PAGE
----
Relationship between childhood trauma and resilience in patients with mood disorders

Ji Yoon Park, Chan Woo Lee, Yoonjeong Jang, Wonyun Lee, Hyeona Yu, Joohyun Yoon, Sunghee Oh, Yun Seong Park, Hyun A. Ryoo, Jangwon Lee, Nayoung Cho, Chong Hun Lee, Yeong Chan Lee, Hong Hee Won, Hyo Shin Kang, Tae Hyon Ha, Woojae Myung

Research output: Contribution to journalArticlepeer-review


Background: Childhood trauma has lasting negative impacts on individuals' psychological functioning. However, there is limited empirical evidence on the association between childhood trauma and resilience and none examining such relationship among diverse clinical populations. This study aimed to investigate the relationship in patients with major depressive disorder, bipolar I disorder, bipolar II disorder, and a comparison group. Methods: In total, 787 psychiatric patients and 734 people from the general population participated in the study. The Childhood Trauma Questionnaire-Short Form and Connor-Davidson Resilience Scale were used to assess childhood trauma and resilience, respectively. Results: Individuals with childhood trauma showed lower levels of resilience in all subjects; among them, those who experienced emotional abuse and emotional neglect exhibited even stronger associations than other types of childhood trauma. There was a significant difference in the negative relationship between childhood trauma and resilience by group, where the association was more prominent in the comparison group than in MDD and BD II patient groups. Limitations: The generalizability of our results may be limited due to unproportionate patient sample size. Also, we could not examine the causal relationship between childhood trauma and resilience. Conclusion: Childhood trauma and resilience had a significantly negative association. Our results suggest that people who have experienced emotional abuse and emotional neglect should be closely assisted to develop resilience. Interventions that promote resilience should be provided to individuals predisposed to psychological risks as a result of childhood trauma.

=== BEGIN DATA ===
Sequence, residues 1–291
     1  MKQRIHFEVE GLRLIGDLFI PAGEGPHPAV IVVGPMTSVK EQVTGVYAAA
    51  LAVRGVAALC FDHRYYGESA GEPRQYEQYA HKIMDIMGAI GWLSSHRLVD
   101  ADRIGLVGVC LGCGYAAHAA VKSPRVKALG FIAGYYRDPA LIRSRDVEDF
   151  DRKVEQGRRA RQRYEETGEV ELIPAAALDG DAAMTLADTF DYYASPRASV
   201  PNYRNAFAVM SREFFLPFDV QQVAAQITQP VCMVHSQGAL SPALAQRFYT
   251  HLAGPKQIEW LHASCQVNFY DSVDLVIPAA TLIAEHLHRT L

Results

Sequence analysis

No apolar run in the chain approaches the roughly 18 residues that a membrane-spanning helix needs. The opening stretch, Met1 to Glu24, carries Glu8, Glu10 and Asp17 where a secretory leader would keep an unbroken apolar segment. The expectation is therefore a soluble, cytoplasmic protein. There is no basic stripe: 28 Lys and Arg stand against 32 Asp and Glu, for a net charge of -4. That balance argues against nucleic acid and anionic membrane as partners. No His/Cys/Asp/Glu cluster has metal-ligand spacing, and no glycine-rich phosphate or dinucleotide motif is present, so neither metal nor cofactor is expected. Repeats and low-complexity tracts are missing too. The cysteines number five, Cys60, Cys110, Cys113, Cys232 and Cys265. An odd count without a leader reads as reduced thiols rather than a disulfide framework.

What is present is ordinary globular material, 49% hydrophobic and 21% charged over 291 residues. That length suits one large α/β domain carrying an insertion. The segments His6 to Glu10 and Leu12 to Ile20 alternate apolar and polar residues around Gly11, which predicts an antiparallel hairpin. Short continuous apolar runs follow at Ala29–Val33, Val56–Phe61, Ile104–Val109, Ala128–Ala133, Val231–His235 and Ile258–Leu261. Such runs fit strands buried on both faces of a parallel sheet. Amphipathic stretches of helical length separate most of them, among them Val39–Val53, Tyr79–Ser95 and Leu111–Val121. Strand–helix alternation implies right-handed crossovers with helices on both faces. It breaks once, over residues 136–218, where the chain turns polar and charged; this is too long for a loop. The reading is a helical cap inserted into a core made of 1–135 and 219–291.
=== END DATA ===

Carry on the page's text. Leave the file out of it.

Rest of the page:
Original languageEnglish
Pages (from-to)162-170
Number of pages9
JournalJournal of Affective Disorders
StatePublished - 15 Feb 2023


  • Bipolar disorder
  • Childhood trauma
  • Major depressive disorder
  • Resilience


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